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Former Cops Accused of Violating George Floyd’s Civil Rights Plead Not Guilty

 

Four former Minneapolis police officers charged with violating George Floyd’s civil rights pleaded not guilty Tuesday in a federal hearing that included arguments on several pretrial motions, including requests to hold separate trials. The four former officers were also charged in state court, where Chauvin was convicted in April of murder and manslaughter. The other three former officers face state trial next March on aiding and abetting counts.

A federal grand jury indicted Derek Chauvin, Thomas Lane, J. Kueng, and Tou Thao in May for allegedly depriving Floyd of his rights while acting under government authority on May 25, 2020, as Floyd, 46, was held face-down, handcuffed, and not resisting in a restraint that was captured on bystander video. His death led to worldwide protests and calls for change in policing.

The hearing also addressed roughly 40 pretrial motions, though many were similar. Most of the motions were routine, such as agreeing when names of witnesses would be disclosed. But Leung heard oral arguments on two issues and ordered attorneys to file additional written arguments on those motions.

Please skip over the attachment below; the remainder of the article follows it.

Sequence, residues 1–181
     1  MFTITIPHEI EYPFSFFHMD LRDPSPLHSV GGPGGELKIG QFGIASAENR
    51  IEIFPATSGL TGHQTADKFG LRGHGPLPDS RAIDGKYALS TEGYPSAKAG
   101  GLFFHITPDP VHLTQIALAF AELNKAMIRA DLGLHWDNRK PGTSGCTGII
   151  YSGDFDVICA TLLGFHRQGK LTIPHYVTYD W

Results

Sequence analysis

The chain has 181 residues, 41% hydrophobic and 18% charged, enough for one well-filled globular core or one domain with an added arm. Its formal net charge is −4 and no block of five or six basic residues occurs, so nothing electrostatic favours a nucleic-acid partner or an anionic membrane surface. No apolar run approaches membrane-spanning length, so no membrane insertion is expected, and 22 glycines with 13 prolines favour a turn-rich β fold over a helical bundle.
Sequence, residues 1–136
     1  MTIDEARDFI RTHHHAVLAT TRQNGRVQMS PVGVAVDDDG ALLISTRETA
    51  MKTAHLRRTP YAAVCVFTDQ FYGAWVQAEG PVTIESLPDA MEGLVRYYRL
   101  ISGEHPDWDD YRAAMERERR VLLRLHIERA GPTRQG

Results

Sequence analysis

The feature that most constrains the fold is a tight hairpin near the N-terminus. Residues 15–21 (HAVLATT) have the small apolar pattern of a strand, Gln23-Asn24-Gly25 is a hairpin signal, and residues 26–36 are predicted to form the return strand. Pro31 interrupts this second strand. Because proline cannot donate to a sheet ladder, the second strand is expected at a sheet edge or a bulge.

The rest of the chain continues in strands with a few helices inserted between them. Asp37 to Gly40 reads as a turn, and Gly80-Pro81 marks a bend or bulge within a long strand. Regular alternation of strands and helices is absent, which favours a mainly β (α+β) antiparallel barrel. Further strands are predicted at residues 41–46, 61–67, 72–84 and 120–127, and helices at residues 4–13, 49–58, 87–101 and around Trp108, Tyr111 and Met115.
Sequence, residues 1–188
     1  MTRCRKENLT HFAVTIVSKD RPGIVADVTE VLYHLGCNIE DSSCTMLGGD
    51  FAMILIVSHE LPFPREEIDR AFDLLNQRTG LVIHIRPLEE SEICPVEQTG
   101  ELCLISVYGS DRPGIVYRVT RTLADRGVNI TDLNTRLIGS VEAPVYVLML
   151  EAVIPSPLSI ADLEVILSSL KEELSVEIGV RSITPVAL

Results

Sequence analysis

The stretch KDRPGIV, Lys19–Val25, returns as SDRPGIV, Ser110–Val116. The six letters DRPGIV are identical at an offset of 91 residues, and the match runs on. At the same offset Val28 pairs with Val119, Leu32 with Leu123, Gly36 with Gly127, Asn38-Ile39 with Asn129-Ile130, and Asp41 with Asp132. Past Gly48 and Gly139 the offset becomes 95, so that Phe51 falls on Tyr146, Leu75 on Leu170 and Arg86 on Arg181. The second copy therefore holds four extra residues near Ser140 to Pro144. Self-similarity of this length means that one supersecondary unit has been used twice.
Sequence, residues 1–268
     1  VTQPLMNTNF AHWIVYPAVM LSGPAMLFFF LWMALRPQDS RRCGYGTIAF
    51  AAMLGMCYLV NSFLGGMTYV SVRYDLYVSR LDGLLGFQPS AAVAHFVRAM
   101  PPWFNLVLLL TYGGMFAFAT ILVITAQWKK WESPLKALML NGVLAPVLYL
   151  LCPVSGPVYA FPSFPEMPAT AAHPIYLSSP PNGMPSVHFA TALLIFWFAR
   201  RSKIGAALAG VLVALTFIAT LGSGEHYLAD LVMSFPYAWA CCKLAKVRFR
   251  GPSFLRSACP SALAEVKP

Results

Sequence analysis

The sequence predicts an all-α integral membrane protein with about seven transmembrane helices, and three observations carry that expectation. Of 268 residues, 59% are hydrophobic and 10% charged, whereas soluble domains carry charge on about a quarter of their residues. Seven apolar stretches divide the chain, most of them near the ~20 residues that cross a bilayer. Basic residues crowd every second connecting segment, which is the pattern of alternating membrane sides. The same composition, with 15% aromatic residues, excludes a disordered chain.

As Floyd was being arrested, he repeatedly said he couldn’t breathe as Chauvin pinned him to the ground. Kueng and Lane helped restrain Floyd; Kueng knelt on Floyd’s back, and Lane held Floyd’s legs, according to evidence in state court. Thao held back bystanders and kept them from intervening during the 9 1/2-minute restraint. While all four officers are charged broadly with depriving Floyd of his rights while acting under government authority, the indictment breaks down the counts. A count against Chauvin alleges he violated Floyd’s right to be free from unreasonable seizure and unreasonable force by a police officer.

Thao and Kueng are charged with violating Floyd’s right to be free from unreasonable seizure by not intervening to stop Chauvin as he knelt on Floyd’s neck. All four officers are charged with depriving Floyd of his rights when they failed to provide medical care.

Attorneys for Lane and Kueng asked the judge to remove language from the indictment that says their clients had been police officers since December 2019. Earl Gray, Lane’s attorney, said his client was still in training and remained under supervision for months. Gray said Lane was working his fourth shift without supervision when he encountered Floyd. Tom Plunkett, Kueng’s attorney, said his client was on his third shift without supervision. Both attorneys said language in the indictment that indicates otherwise would be “unfair”. Kueng, Thao, and Lane are also asking that their federal trials be separated from Chauvin’s, saying they would be unfairly prejudiced if they went to trial alongside him.



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